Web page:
The new season is “bonkers” according to the Washington post and the Standard; however they have followed these statements with reassurance claiming ‘your eyes’ will adjust in a few years time. It is clear that just like Cristóbal Balenciaga; Demna Gvasalia is not afraid of breaking tradition and has already left his imprint on the brand by challenged silhouettes stereotypes and creating a gender fluid outcome whilst taking influence from the 90s. Demna Gvasalia has gone on to describe his work as a “kind of a snowboarder paradise from the beginning of the ’90s. We tagged it with all the things we were talking about in the studio at the time.” In my opinion the clothing is busy yet has something enticing about it, it makes you want to know more whether you love or hate it. It was these layering that caused the internet to go crazy over hilarious ‘memes’ and ‘gifs’ comparing the look to the episode from the popular US show, Friends. In one episode Joey was seen to be wearing every piece of his wardrobe; users of the internet took this image and compared it to the Balenciaga collection asking everyone “Who wore it best?” Joking aside the use of layers conforms to the skater and 90s influence of the show and I am sure that this will certainly become a future trend in the years to come, however who could justify spending hundreds of pounds a layer?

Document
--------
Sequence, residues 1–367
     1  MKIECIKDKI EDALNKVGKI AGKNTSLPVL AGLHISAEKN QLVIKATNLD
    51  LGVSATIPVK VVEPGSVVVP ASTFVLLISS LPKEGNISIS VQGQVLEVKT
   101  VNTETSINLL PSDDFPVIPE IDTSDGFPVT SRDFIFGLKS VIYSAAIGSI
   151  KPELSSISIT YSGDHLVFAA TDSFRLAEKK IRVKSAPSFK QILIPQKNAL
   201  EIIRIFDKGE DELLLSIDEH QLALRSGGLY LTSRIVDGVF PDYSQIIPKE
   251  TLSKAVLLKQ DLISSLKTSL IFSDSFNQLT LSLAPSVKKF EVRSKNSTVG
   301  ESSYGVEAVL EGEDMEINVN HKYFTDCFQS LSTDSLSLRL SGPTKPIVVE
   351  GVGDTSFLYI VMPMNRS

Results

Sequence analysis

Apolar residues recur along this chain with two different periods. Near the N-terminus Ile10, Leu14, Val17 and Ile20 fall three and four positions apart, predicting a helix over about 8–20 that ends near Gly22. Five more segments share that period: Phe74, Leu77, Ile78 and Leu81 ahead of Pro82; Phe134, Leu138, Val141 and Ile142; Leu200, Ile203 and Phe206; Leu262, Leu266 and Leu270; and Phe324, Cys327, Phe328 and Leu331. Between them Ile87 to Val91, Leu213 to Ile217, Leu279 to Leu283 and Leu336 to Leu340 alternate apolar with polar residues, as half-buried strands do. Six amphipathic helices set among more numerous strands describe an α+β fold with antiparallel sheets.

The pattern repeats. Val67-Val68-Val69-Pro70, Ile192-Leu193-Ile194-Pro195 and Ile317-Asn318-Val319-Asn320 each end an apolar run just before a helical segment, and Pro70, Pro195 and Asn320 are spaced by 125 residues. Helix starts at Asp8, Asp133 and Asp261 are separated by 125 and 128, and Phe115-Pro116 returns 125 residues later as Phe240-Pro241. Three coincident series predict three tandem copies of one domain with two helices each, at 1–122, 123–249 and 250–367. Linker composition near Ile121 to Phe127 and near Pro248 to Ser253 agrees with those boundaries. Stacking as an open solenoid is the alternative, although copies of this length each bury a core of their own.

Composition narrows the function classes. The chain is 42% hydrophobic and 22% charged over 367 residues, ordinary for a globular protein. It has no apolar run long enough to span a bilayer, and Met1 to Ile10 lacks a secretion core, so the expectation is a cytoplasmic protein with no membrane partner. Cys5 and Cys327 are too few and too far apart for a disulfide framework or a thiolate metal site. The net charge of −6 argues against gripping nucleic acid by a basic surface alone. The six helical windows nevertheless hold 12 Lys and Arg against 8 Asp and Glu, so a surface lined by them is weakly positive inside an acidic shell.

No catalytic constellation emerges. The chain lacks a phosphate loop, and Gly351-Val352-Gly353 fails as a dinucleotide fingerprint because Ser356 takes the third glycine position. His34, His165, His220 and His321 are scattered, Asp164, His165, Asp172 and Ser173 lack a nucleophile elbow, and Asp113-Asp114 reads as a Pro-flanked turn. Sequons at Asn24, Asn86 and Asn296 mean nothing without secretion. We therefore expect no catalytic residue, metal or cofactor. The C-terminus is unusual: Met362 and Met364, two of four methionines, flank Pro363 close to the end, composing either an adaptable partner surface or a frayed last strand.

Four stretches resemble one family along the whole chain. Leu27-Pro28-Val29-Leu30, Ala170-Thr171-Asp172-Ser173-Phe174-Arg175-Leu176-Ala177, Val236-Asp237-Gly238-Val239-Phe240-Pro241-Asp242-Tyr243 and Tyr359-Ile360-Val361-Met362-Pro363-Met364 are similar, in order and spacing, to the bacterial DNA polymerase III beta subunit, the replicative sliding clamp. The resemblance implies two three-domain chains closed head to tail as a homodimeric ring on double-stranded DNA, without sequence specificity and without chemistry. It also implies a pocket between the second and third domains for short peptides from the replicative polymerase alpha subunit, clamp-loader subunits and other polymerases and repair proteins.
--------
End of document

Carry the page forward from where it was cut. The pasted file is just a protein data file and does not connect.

Demna Gvasalia follows in the path of Cristóbal Balenciaga but it could be said that he may have gone a bit too fair by complicating the traditional, minimalist approach of the brand that only saw change through altering hems. However, I have a lot of respect for the Balenciaga base camp as the newest collection has brought publicity to a good cause by donating £250,000 to the world food program which is in conjunction with the brand looking into the future. Cristóbal Balenciaga was a visionary for his time and it is clear that Demna Gvasalia shares this characteristic, but as both the Washington and the Standard have said ‘maybe we aren’t yet ready for a gender fluid collection quite yet’; Whether or not I 100% agree with that statement is difficult to say as through recent years our culture has been introduced to gender fluid ideas. This idea of gender no longer conforming to labels or boxes is a hot topic at the moment has massively impacted our society; Medias such as the television and more importantly the internet have really been at the forefront of this change. This movement has really interested me and many others such as Demna Gvasalia. What the new futuristic catwalk has shown me is maybe some of us are ready for this change and we all just need to get used to the idea of fashion breaking down the walls between the sexes.